Brian Henderson has been the chief operating officer of Baker & McKenzie’s offices in China, Hong Kong and Vietnam since February 2012. He was formerly COO then global head of legal sourcing at Linklaters, where he was based in London and lived briefly in Paris. He is now based in Hong Kong.
What are the key challenges in your jurisdictions at the moment?
Competition against UK, US and Australian firms. Chinese firms are also huge and increasingly ambitious, and are becoming more and more competitive. This gives rise to aggressive pricing. There are fewer international firms in Vietnam so the main competition is in Hong Kong and China. Competition in Vietnam will depend on how the economy develops – at the moment it’s a very small market.
What are the similarities and differences between the jurisdictions?
Well, they’re all in Asia – that’s the one similarity. But really they have quite different cultures, even between Beijing and Shanghai. People in Hong Kong and China tend to speak their minds, while the Vietnamese are relatively quiet.
There is widely differing GDP per head between the jurisdictions – Hong Kong is obviously a wealthy country, for example.
Are companies in these jurisdictions slimming down or bulking up their panels?
There is not a particular trend when it comes to panels in Asia. A few companies may have panels, but whether or not you’re on one does not necessarily mean you will or won’t get work.
The main way to get work is through relationships and showing you’re reliable. The main thing we’ve noticed here is that companies are looking for cost savings.
How often do you go to the offices in China and Vietnam?
As often as I can, which probably isn’t often enough. There’s no set routine for when I make a visit, it tends to depend on what issues have arisen and what is on the agenda. I’m currently based in Hong Kong along with the management committee.
Has there ever been a problem at work that’s surprised you?
Businesses challenges are the same wherever you are in the world, but it’s peoples’ reactions to proposals that can take you by surprise.
Do you speak Cantonese or Mandarin?
I can say good morning and thank you in Cantonese or Mandarin. English is very much the language of business here, but I’m learning as I go.
What are the most significant external issues that have an impact on your role?
Office rents in China and Hong Kong are going through the roof. As with pretty much any law firm, the office rent is probably our biggest fixed overhead apart from salaries. It’s a cost line we have to manage carefully.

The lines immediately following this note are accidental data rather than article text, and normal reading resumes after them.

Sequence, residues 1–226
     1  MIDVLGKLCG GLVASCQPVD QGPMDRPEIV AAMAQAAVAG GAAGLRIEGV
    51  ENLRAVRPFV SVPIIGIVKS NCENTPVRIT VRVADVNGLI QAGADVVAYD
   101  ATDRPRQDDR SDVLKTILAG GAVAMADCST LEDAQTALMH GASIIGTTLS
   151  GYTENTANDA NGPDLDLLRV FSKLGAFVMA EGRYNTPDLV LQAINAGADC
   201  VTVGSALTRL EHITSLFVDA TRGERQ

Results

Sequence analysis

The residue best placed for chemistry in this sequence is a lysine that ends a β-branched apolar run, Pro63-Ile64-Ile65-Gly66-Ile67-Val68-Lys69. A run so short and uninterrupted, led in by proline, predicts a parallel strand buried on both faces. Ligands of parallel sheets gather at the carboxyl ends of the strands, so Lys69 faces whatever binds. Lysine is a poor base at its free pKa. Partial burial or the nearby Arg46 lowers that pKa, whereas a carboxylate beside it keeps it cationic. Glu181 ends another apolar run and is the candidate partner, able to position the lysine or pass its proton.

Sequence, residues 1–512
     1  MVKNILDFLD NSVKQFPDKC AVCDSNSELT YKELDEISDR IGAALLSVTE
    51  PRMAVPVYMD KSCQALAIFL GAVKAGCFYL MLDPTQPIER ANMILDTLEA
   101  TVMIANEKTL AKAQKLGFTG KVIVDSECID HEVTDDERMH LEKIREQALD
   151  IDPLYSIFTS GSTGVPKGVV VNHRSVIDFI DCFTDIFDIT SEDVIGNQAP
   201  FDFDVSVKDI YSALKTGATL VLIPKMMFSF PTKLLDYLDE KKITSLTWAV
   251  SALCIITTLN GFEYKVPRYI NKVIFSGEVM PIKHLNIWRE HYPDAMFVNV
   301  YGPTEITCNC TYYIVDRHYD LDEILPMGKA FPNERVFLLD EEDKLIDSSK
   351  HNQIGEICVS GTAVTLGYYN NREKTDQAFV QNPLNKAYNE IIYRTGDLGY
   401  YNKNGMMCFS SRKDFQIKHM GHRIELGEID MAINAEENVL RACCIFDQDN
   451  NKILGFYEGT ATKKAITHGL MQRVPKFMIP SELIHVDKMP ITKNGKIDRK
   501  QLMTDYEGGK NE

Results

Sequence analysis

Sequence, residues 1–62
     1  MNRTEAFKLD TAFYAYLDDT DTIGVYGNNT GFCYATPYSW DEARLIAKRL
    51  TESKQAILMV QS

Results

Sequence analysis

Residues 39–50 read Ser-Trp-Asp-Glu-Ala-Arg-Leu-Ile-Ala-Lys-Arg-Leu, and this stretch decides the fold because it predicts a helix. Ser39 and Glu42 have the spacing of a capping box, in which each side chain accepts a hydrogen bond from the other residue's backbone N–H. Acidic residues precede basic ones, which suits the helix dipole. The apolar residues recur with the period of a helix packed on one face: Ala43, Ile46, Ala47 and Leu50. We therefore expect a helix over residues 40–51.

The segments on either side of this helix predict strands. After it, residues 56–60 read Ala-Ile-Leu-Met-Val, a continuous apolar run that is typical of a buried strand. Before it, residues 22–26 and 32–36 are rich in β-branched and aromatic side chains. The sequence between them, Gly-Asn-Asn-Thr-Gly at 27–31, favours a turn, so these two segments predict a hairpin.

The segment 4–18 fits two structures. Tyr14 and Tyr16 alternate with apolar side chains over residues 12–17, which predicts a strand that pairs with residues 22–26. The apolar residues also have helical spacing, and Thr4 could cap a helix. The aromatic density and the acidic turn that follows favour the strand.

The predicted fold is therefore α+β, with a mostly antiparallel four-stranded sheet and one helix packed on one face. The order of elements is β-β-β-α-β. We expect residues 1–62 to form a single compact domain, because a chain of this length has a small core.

What is Bakers’ strategy in these jurisdictions for the future?
Bakers has been in Asia for quite some time, so our strategy is to build on the capability we’ve established. We want to leverage this while focusing on multinational clients investing into this region.
You were in London before. Why Asia?
I was finding Europe rather depressing – it was a low growth environment for quite a number of years, with headcount cuts, budget cuts and pay freezes. It was all about making businesses more efficient but not about growing or developing. Asia, by contrast, is a high growth market, with lots of exciting things going on.
Do you expect more people to make the move?
I’m surprised at how few people have come over.
What is the most important lesson your role has taught you?
Humility – there’s no room for a big ego in this line of work.
London revenue: $199m (£74m)
London RPL 2011: £807,000
Global revenue: $2.3bn (£1.4bn)
Global RPL 2011: £608,000
Global RPP 2011: £1.7m
“Although the fall in global trade has affected Asia the situation is much more positive than in the West, with strong GDP growth in most countries,” explains Henderson. “Many multinationals look to Asia to drive revenue as the middle class grows. There’s also a strong pipeline of large Asian companies lining up to raise money on the capital markets and they are more likely to aim for local listings than go to established Western markets.”
PMS: Elite Enterprises
Also: Global Citrix System